French parents practice establishing a basic framework for the children to live within. Children whose behavior remains within this frame discover that they have great latitude for making their own choices. A parent's job is to create this framework while teaching their children how to behave within it. The basics of French parenting lie within the idea of teaching, providing an education about how to behave. This is done from a posture of calm and quiet (sage) that resists panic and stress. From birth, French parents learn to get their children to wait. To do this, they must learn to pause themselves before taking action. For instance, when baby stirs in the night, beginning to whimper or cry, French parents learn to wait a few moments before deciding to pick them up and feed them. The children learn to go to sleep and, research indicates, sleep peacefully through the night months before American children typically do. This approach of calm waiting emphasizes the self-discipline necessary to think in terms of teaching children how to behave. Later, it appears, for instance, in the matter of daily eating. French children soon learn to sit down and eat three meals a day with one afternoon snack. They are not permitted to eat whenever they wish and are encouraged to snack on healthy foods. It is a matter of faith among French parents that children will not be damaged by coping with frustration or not having their desires met immediately. Rather, they learn to be measured and to develop a greater sense of themselves as people within a world where other people besides themselves have needs, too. These lessons are not taught through incessant lecturing nor preaching. Rather, they come from example and regular use of the word “No” (non) said with resolve and supported with not giving in to children's natural desire for immediate gratification. These principles extend to the mysteries of toilet training, sending kids off to school, relations with teachers and other parents, and learning along the way to govern ones own life. A major takeaway of this book is to develop an attitude of calm sensibility that communicates itself to children who then, themselves, learn to be calm and sensible. Druckerman points out that Americans like to make life difficult and complex, while the French are more likely to seek lives that are calmer and more rational.

Pamela Druckerman
The tone of Pamela Druckerman's book is humorous and mildly self-mocking without ever becoming snarky or mean. She uses herself as the example of the over-anxious neurotic American Mom and her husband Simon as the somewhat disengaged British Dad. Bringing Up Bébé is not calculated to make American mothers feel resentful or inadequate, but may have that effect anyway, especially given the general resentment of the French in America. The author observes the behavior of French parents and teachers in child care, pre-school, and early schooling as well as the nearby parks, playgrounds, and other places parents and children inhabit. The French approach is certainly made easier and more consistent because of the enormous role of the French social service apparatus, which provides free day care and early schooling as well as first rate prenatal care for all citizens. This allows French mothers to return to work early and pursue their careers while still functioning as effective parents. Meanwhile, from infant mortality to various measures of intellectual and social development, French children seem to outpace their American counterparts. Above all, the French approach seems sensible, not fraught with the achievement anxiety American parents project onto their children. It provides structure, a frame within which there's much leeway for discovery without becoming excessively child-centered and competitive, not leading parenting to become an ordeal for parents or their children.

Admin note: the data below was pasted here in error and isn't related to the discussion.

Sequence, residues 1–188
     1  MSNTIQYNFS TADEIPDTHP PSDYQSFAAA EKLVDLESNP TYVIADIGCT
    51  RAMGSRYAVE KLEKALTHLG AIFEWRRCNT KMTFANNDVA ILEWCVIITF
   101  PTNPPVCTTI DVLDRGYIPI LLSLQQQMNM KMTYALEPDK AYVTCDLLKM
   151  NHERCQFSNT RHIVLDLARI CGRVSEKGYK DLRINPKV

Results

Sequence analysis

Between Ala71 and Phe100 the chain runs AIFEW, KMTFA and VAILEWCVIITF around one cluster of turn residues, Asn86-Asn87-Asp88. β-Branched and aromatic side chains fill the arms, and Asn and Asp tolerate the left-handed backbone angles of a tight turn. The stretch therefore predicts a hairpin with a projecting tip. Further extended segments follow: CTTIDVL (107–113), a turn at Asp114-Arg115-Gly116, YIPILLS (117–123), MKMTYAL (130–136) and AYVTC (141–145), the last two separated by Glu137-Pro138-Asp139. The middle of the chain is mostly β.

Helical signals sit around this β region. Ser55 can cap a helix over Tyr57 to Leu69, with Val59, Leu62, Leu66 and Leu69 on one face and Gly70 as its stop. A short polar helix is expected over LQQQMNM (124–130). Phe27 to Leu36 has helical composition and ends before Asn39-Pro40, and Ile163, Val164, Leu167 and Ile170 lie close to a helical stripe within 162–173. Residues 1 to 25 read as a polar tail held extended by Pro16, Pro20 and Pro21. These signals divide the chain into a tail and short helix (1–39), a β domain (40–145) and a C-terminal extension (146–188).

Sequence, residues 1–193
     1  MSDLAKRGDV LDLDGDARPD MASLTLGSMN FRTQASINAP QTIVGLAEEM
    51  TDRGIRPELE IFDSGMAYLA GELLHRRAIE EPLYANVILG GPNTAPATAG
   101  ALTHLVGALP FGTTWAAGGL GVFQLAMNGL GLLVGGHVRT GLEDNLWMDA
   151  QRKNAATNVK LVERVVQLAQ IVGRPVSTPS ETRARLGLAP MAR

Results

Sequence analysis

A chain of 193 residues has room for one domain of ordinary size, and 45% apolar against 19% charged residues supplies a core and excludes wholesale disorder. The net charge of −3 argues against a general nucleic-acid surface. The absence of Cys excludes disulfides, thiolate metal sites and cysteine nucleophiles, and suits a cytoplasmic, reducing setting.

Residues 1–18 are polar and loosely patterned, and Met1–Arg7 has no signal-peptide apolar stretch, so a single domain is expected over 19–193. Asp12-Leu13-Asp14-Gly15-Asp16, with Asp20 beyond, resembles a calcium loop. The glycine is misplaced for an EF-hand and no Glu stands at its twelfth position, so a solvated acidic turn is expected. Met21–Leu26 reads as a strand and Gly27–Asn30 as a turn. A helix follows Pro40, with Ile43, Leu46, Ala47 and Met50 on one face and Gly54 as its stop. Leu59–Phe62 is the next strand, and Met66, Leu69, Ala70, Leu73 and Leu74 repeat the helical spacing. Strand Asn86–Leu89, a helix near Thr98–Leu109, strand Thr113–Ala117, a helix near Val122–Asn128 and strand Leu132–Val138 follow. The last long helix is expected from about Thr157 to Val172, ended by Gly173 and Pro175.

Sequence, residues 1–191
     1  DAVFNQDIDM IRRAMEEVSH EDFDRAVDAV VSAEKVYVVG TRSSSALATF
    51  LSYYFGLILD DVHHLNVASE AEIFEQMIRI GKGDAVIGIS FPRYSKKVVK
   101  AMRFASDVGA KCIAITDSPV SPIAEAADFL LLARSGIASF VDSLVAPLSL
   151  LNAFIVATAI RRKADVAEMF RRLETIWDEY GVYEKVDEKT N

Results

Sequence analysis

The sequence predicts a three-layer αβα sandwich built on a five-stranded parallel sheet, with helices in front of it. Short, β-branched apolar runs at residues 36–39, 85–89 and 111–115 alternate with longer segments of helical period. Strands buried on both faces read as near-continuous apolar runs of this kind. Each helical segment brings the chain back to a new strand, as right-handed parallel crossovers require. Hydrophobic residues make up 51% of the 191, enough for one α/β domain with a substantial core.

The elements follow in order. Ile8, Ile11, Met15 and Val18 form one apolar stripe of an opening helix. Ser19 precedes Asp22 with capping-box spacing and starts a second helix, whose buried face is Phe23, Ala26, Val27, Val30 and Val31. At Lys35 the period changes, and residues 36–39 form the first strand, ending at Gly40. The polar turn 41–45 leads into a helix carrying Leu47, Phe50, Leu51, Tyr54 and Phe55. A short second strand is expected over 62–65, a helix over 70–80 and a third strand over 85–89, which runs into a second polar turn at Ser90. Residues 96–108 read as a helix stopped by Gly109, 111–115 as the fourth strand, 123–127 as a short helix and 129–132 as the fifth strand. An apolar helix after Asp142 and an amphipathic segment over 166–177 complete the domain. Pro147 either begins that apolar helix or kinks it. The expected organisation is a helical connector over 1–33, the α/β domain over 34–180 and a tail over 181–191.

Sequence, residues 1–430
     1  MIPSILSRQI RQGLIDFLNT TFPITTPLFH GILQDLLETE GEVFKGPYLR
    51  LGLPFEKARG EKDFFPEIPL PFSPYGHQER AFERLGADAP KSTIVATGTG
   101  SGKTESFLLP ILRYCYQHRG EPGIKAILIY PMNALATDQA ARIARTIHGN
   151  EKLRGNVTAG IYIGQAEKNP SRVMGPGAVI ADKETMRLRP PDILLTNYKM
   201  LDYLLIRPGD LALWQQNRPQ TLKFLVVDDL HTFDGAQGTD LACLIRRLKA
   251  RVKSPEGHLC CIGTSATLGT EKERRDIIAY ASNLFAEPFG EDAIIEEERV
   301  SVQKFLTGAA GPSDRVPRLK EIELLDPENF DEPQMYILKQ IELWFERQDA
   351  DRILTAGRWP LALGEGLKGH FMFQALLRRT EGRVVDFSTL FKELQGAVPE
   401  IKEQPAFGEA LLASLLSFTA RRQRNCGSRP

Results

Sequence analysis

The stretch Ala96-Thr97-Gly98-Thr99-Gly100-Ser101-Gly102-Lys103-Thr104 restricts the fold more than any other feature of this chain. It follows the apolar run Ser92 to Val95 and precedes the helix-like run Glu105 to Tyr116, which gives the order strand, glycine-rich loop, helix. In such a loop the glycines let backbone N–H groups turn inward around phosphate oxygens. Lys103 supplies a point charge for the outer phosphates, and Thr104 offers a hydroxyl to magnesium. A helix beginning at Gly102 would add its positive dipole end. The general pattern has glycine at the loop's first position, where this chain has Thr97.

In Bringing Up Bébé, Pamela Druckerman has presented a useful and thought-provoking alternative to current child rearing practices in America. She encourages parents to take charge of their own lives while helping children to become autonomous beings separate from and closely adhering to their parents. The approach emphasizes a way of being with children, not presenting tricks or easy fixes. As such, it both challenges and informs while remaining consistently entertaining. The book is available from all the usual sources in all formats. You can help support this blog, by purchasing it from using the portal here. The book was provided to me by the The Penguin Press through TLC Book Tours Bringing Up Bébé has proven itself to be quite a controversial book. I encourage readers of this review to visit the other reviews written on this TLC Book Tour as well as the scathing review from the New York Times.

Other Stops on the Book Tour
Tuesday, February 21st: Sidewalk Shoes
Wednesday, February 22nd: The Feminist Texican
Thursday, February 23rd: Susan Heim on Parenting
Tuesday, February 28th: Just Joanna
Wednesday, February 29th: Book Club Classics!
Wednesday, March 7th: There’s a Book
Thursday, March 8th: Family Volley
Monday, March 12th: Good Girl Gone Redneck